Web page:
In 1949, twelve nations formed a regional alliance in an effort to counter perceived Soviet expansion, creating the North Atlantic Treaty Organization (NATO). Collective defense-assisting member states under attack by an outside country, as articulated in Article Five of the North Atlantic Treaty-has historically been its core function. Following fifty years of dormancy, Article Five was invoked after the September 11, 2001 terrorist attacks on the United States. This Note discusses the expanding role of Article Five, increasing regionalization challenges, and whether the Treaty's obligations compel affirmative actions from its members.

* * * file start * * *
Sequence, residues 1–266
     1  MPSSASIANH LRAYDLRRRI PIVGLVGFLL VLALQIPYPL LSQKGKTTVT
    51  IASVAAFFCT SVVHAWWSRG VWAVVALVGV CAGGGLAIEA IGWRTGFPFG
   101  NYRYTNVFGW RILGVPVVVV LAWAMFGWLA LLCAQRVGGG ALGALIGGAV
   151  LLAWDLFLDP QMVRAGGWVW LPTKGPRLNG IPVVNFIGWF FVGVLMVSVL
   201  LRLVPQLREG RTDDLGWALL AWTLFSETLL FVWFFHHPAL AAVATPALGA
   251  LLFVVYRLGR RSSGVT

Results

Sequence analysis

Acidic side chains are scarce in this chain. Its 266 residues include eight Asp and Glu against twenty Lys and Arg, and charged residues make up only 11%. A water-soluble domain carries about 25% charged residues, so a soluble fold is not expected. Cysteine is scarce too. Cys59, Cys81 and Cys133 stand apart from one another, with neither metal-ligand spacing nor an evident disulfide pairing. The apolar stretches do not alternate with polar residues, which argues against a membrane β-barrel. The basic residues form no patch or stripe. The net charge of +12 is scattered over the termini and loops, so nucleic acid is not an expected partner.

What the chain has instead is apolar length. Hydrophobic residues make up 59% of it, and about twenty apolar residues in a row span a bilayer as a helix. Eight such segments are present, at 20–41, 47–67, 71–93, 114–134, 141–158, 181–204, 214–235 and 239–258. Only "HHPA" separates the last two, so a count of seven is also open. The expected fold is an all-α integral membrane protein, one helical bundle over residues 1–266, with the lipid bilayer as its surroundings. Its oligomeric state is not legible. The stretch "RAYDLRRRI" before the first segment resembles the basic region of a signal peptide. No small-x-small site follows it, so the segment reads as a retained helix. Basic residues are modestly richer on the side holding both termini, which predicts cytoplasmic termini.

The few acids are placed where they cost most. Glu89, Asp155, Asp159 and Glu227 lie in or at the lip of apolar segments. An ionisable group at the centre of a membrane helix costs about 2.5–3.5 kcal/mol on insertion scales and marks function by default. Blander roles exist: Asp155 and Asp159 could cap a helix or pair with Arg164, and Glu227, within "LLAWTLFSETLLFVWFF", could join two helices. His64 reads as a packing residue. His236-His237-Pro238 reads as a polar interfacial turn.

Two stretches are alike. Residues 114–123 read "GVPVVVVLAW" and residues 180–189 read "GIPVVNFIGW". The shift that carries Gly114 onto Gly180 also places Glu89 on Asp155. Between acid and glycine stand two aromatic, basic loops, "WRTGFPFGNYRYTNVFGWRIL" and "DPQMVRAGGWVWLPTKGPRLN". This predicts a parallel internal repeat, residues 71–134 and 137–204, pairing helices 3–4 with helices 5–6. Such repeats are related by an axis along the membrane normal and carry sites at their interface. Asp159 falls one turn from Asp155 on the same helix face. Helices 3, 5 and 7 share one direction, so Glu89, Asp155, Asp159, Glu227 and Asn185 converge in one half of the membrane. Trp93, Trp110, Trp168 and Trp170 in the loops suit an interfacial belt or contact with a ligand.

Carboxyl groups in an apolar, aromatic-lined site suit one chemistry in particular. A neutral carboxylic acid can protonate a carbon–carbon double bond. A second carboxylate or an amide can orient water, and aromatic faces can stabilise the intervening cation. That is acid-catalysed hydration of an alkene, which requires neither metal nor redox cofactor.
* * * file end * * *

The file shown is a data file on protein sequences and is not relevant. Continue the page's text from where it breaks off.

Michael A. Goldberg,
Mirage of Defense: Reexamining Article Five of the North Atlantic Treaty After the Terrorist Attacks on the United States,
B.C. Int'l & Comp. L. Rev.